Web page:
Quantcast
Environmental News for a Healthier Planet and Life

Nation's Largest Wind Farm Coming to Oklahoma

Renewable Energy
GE Renewable Energy

The Wind Catcher Energy Connection project, which includes a massive 800-turbine wind farm under construction in the Oklahoma panhandle, is getting closer to lift-off.

Southwestern Electric Power Company (SWEPCO), a subsidiary of major utility American Electric Power, announced this week a settlement with various parties, including Walmart, allowing the $4.5 billion project to move forward.


According to a press release:

"After a series of negotiation sessions with the [Arkansas Public Service Commission] General Staff, the Arkansas Attorney General and other parties, SWEPCO agreed to provide a number of guarantees, including a cap on construction costs, qualification for 100 percent of the federal Production Tax Credits, minimum annual production from the project, and others."

The project is subject to approval by utility commissions in Arkansas, Louisiana, Texas and Oklahoma, as well as the Federal Energy Regulatory Commission.

Once getting its legs, Wind Catcher is expected to deliver wind energy to customers in the four states by the end of 2020.

The Wind Catcher facility, developed by Invenergy, will be the largest single-site wind farm in the U.S. once complete. The 2,000-megawatt facility will generate power from 800 GE 2.5 megawatt turbines. The project also involves building a 360-mile extra high-voltage 765 kilovolt power line to connect two new substations, one located at the wind facility and a second near Tulsa, Oklahoma.

"Oklahoma's panhandle has some of the best wind in America but is hundreds of miles from larger cities and communities that can benefit from low-cost, clean energy," the developers tout. "Wind Catcher Energy Connection is a $4.5 billion infrastructure investment that will bring Oklahoma wind power to more than 1.1 million energy customers in the South Central U.S."

"We are extremely pleased with this settlement agreement because it recognizes the tremendous opportunity the Wind Catcher project provides for clean, low-cost energy and long-term savings for SWEPCO customers," said Venita McCellon-Allen, SWEPCO president and chief operating officer.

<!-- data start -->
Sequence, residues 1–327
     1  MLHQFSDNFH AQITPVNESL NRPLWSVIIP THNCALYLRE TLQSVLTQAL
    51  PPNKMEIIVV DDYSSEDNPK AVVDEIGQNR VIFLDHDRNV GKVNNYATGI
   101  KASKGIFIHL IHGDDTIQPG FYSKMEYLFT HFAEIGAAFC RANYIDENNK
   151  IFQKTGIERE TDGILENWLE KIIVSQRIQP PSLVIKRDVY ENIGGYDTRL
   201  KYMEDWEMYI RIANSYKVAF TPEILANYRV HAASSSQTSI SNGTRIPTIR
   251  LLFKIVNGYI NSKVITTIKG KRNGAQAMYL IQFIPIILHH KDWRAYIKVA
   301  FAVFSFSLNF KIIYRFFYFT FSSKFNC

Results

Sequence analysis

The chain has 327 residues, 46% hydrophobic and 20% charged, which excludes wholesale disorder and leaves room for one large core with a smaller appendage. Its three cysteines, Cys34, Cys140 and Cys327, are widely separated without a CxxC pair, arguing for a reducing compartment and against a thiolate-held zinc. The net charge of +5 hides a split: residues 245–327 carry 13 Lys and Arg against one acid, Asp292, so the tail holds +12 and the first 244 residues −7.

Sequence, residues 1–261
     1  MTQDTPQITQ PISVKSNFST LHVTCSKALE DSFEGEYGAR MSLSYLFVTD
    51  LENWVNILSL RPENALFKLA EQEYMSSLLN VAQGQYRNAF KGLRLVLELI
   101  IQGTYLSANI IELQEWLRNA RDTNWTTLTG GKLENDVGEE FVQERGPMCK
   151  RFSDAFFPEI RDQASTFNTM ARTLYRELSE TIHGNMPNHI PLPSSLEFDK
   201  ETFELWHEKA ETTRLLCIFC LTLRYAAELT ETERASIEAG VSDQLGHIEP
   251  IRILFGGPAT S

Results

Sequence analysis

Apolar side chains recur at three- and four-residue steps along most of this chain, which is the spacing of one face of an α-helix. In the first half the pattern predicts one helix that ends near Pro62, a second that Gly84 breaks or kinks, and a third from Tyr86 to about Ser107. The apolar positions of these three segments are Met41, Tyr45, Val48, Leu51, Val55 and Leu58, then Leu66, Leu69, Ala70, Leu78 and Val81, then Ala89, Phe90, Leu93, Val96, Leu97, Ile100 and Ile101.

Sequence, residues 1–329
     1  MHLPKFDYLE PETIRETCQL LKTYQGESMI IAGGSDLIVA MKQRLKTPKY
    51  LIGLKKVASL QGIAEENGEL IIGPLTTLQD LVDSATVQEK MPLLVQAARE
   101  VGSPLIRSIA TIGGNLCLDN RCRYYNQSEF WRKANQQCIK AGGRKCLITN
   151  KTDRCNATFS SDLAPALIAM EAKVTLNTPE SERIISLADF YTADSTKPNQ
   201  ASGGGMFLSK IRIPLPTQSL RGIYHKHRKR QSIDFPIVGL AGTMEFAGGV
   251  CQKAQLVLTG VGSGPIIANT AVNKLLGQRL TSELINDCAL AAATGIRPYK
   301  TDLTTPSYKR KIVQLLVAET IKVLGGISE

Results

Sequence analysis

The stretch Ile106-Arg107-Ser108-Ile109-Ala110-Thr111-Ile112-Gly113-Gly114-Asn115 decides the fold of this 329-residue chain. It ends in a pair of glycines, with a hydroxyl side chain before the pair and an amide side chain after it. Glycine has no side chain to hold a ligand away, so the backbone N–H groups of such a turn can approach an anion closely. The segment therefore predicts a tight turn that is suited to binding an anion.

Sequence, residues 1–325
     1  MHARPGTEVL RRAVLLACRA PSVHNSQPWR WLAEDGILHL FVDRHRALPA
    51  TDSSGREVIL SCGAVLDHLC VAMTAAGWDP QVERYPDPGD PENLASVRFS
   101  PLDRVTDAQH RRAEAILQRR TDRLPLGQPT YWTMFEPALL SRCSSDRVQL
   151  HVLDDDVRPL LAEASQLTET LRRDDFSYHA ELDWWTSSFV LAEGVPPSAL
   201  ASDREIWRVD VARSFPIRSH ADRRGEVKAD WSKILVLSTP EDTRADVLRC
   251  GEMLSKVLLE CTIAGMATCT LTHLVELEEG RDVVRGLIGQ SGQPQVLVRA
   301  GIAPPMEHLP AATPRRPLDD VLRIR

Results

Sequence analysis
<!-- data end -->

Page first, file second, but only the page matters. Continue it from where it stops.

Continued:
"Our customers are looking to us to provide clean, reliable and cost-effective power. Wind Catcher will help companies, universities, cities and other customers meet their sustainability and renewable energy goals," McCellon-Allen said.

SWEPCO says the project will save its customers about $4 billion, net of cost, over 25 years.

The company also promised:

"Cost savings include no fuel cost for wind, which lowers SWEPCO's overall fuel and purchased power costs; full value of the federal Production Tax Credit, which is available for construction of new wind farm projects; and the cost-efficient delivery of the wind generation to customers through the new, dedicated power line."

"Customers will see savings primarily through a reduction in the fuel portion of their bills, beginning in 2021."

"Walmart has a goal to be supplied by 100 percent renewable energy, and sourcing from wind energy projects—like the Wind Catcher project—is a core component in the mix," said Mark Vanderhelm, vice president of energy for Walmart. "The energy procured from this project represents an important leap forward on our renewable energy journey."

EcoWatch Daily Newsletter

Penguins are seen near the Great Wall station in Antarctica, Feb. 9, days after the continent measured its hottest temperature on record at nearly 65 degrees Fahrenheit. Xinhua / Liu Shiping / Getty Images

By Richard Connor

Scientists have recorded Antarctica's first documented heat wave, warning that animal and plant life on the isolated continent could be drastically affected by climate change.

Read More Show Less
The Athos I tanker was carrying crude oil from Venezuela when a collision caused oil to begin gushing into the Delaware River. U.S. Department of the Interior

A case that has bounced around the lower courts for 13 years was finally settled yesterday when the U.S. Supreme Court upheld a lower court decision, finding oil giant Citgo liable for a clean up of a 2004 oil spill in the Delaware River, according to Reuters.

Read More Show Less
Sponsored
The buildings of downtown Los Angeles are partially obscured in the late afternoon on Nov. 5, 2019, as seen from Pasadena, California, a day when air quality for Los Angeles was predicted to be "unhealthy for sensitive groups." Mario Tama / Getty Images

The evidence continues to build that breathing dirty air is bad for your brain.

Read More Show Less
Wave power in Portugal. The oceans' energy potential is immense. Luis Ascenso, via Wikimedia Commons

By Paul Brown

The amount of energy generated by tides and waves in the last decade has increased tenfold. Now governments around the world are planning to scale up these ventures to tap into the oceans' vast store of blue energy.

Read More Show Less
Yellowstone National Park closed to visitors on March 24, 2020 because of the Covid-19 virus threat. William Campbell-Corbis via Getty Images

When the novel coronavirus started to sweep across the country, the National Park Service started to waive entrance fees. The idea was that as we started to practice social distancing, Americans should have unfettered access to the outdoors. Then the parking lots and the visitor centers started to fill up, worrying park employees.

Read More Show Less